Some of the conduct prohibited by this policy may also constitute violations of the law, in addition to or beyond the scope of this policy and Berklee’s disciplinary measures.
The following is a summary of the federal and state definitions applicable to certain offenses (domestic violence, dating violence, sexual offenses, and stalking).
Domestic violence means a felony or misdemeanor crime of violence committed by any of the following individuals: a current or former spouse of the victim; a person with whom the victim shares a child in common; a person who is cohabitating with or has cohabitated with the victim as a spouse; a person similarly situated to a spouse of the victim under the domestic or family violence laws of the jurisdiction receiving grant monies; or any other person against an adult or youth victim who is protected from that person’s acts under the domestic or family violence laws of the jurisdiction. See 42 U.S.C. 13925(a).
Under state law, domestic abuse is defined to be the occurrence of one or more of the following acts between family or household members: attempting to cause or causing physical harm; placing another in fear of imminent serious physical harm; and causing another to engage involuntarily in sexual relations by force, threat, or duress. Under this law, family or household members include people who are or were married, residing in the same household, related by blood or marriage, have a child together, or have a substantive dating or engagement relationship. See M.G.L. c. 209A, § 1.
Dating violence means violence committed by a person who is or has been in a social relationship of a romantic or intimate nature with the victim. Violence includes, but is not limited to, sexual or physical abuse or the threat of such abuse. The existence of a social relationship of a romantic or intimate nature with the victim is determined based on the length of the relationship; the type of the relationship; and the frequency of interaction between the persons involved in the relationship. The term dating violence does not include acts covered under the federal definition of “domestic violence.” See 42 U.S.C. 13925(a).
Massachusetts law has no statutory definition of “dating violence,” but that crime is covered under the definition of “domestic violence.”
Stalking is defined under federal law as engaging in a course of conduct directed at a specific person that would cause a reasonable person to fear for his or her safety or the safety of others or to suffer substantial emotional distress. See 42 U.S.C. 13925(a).
For purpose of this definition:
- The term course of conduct means two or more acts, including, but not limited to, acts in which the stalker directly, indirectly or through third parties, by any action, method, device or means follows, monitors, observes, surveils, threatens, or communicates to or about a person or interferes with a person’s property.
- The term substantial emotional distress means significant mental suffering or anguish that may, but does not necessarily, require medical or other professional treatment or counseling.
- The term reasonable person means a reasonable person under similar circumstances and with similar identities to the victim.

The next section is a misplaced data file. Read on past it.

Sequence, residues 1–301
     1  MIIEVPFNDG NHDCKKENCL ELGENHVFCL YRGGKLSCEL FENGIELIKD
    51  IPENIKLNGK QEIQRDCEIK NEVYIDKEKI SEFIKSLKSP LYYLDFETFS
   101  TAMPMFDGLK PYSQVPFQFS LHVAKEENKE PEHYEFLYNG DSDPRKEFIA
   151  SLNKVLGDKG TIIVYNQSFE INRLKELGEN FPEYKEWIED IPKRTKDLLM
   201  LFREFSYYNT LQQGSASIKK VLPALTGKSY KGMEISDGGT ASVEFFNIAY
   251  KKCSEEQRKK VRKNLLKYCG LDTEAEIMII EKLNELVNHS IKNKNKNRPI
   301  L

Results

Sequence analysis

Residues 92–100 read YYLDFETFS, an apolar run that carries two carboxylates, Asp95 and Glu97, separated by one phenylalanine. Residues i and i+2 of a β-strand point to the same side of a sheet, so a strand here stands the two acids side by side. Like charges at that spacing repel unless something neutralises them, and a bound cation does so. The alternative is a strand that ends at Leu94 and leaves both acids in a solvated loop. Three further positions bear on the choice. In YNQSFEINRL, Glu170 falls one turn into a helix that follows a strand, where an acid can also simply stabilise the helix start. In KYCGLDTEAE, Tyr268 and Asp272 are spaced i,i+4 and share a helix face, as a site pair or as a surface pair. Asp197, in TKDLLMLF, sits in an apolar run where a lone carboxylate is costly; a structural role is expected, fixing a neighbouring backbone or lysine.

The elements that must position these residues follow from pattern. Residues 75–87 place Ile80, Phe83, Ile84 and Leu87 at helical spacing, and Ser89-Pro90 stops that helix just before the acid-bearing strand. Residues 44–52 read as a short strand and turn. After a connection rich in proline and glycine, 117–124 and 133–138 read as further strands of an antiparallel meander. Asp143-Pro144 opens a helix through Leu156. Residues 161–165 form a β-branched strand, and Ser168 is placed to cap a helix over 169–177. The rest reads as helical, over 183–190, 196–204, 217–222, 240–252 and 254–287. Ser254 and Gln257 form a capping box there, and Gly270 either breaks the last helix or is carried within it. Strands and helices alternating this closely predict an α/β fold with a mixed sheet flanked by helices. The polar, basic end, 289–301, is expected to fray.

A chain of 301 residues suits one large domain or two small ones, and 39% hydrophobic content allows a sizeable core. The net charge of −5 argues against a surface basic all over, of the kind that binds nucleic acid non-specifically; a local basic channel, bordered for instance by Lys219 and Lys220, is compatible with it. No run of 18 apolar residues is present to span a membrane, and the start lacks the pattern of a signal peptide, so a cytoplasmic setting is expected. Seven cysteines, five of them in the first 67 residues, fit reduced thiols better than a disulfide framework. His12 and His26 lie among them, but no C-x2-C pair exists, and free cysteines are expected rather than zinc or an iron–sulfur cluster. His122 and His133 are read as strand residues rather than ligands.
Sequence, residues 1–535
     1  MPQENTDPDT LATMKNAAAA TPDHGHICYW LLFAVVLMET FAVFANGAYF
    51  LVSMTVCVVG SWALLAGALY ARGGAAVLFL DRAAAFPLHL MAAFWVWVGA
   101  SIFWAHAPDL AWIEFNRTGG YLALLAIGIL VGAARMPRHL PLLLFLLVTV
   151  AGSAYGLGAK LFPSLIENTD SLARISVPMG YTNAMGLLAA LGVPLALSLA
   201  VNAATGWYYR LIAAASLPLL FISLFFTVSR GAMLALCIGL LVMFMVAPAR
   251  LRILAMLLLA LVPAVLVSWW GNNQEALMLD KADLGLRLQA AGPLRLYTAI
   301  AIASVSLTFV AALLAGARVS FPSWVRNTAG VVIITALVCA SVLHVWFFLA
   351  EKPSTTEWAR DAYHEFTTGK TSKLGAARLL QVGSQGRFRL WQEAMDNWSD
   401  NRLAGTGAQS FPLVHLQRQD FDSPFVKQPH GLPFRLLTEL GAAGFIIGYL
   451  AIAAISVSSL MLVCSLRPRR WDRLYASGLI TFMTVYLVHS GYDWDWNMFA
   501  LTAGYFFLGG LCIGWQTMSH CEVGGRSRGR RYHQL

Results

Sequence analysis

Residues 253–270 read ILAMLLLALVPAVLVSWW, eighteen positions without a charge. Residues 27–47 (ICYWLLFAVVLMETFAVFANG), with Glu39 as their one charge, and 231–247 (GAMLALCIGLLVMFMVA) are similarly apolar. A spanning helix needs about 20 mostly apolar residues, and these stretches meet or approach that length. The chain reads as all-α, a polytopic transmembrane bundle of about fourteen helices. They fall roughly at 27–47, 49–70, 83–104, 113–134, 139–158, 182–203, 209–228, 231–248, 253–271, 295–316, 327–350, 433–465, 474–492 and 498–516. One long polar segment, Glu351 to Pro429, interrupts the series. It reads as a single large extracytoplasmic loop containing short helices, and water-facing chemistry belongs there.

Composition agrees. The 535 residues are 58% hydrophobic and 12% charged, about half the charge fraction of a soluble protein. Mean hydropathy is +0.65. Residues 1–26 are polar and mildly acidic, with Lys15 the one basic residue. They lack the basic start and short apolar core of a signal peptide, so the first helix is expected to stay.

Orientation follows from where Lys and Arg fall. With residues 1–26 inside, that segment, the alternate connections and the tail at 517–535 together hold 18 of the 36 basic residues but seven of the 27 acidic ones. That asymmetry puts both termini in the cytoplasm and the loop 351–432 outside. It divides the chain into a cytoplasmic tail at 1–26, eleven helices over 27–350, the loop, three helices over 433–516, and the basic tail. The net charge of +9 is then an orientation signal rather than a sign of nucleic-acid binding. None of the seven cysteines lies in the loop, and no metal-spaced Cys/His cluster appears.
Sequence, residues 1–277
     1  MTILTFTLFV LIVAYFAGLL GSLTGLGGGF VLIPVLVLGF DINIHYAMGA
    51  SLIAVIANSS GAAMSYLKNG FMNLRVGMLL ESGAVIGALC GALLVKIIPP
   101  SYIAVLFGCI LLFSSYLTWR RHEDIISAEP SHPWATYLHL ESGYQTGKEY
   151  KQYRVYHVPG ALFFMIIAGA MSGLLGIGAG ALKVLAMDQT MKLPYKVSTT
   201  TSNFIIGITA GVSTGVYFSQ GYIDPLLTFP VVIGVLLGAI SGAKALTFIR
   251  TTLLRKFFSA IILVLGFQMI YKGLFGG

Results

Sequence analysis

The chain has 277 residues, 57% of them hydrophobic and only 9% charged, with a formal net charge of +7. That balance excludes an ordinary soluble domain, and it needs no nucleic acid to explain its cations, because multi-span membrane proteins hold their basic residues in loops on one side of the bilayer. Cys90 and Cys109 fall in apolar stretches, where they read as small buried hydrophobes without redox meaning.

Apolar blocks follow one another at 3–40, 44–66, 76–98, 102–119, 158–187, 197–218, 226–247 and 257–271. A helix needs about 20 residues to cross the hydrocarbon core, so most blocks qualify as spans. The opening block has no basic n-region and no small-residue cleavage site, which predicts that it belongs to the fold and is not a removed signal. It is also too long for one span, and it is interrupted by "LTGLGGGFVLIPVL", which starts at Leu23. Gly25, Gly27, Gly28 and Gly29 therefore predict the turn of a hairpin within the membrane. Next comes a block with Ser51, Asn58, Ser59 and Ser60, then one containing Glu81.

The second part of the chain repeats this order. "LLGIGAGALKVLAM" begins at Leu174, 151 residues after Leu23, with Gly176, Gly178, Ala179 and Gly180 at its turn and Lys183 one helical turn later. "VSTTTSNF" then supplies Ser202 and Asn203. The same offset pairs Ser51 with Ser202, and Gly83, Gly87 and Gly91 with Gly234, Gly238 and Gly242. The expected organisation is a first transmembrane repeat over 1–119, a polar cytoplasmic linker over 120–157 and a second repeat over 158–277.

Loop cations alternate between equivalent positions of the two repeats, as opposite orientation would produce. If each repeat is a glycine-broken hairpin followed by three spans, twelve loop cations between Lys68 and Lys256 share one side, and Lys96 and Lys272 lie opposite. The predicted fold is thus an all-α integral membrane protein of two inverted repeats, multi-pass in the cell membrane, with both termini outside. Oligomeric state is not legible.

Under Massachusetts law, M.G.L. c. 265, §43, an individual engages in stalking if that individual:
- willfully and maliciously engages in a knowing pattern of conduct or series of acts over a period of time directed at a specific person which seriously alarms or annoys that person and would cause a reasonable person to suffer substantial emotional distress; and
- makes a threat with the intent to place the person in imminent fear of death or bodily injury.
Sexual offenses means any sexual act directed against another person, without the consent of that person, including instances when the person is unable to give consent. Sexual offenses including the following:
- Rape, which is defined as the penetration, no matter how slight, of the vagina or anus with any body part or object, or oral penetration by a sex organ of another person, without the consent of the victim. Under state law, rape occurs when the offender has “sexual intercourse or unnatural sexual intercourse with a person and compels such person to submit by force and against his/her will, or compels such person to submit by threat of bodily injury.” See M.G.L. c. 265, § 22. A sexual assault that does not meet the legal definition of rape may constitute “indecent assault and battery,” which occurs when the offender, without the victim’s consent, intentionally has physical contact of a sexual nature with the victim. See M.G.L. c. 265, § 13H.
- Fondling, which is the touching of the private body parts of another person for the purpose of sexual gratification, without the consent of the victim, including instances where the victim is incapable of giving consent because of their age or because of their temporary or permanent mental or physical incapacity.
- Non-forcible sex offenses, which is defined as unlawful, non‐forcible sexual intercourse, including:
- Incest, which is defined as the non‐forcible sexual intercourse between persons who are related to each other within the degrees wherein marriage is prohibited by law; and
- Statutory rape, which is defined as non‐forcible sexual intercourse with a person who is under the statutory age of consent. In Massachusetts the statutory age of consent is 16 years of age. See M.G.L., c. 265, §23.
Relevant federal law does not include a definition of the term “consent.” See Violence Against Women Act (Final Rule), 79 Fed. Reg. 62,572 (Oct. 20, 2014) (codified 34 C.F.R. 668). There is currently no state statutory definition of consent. Berklee’s policy definition of consent is to be applied in cases of alleged sexual assault.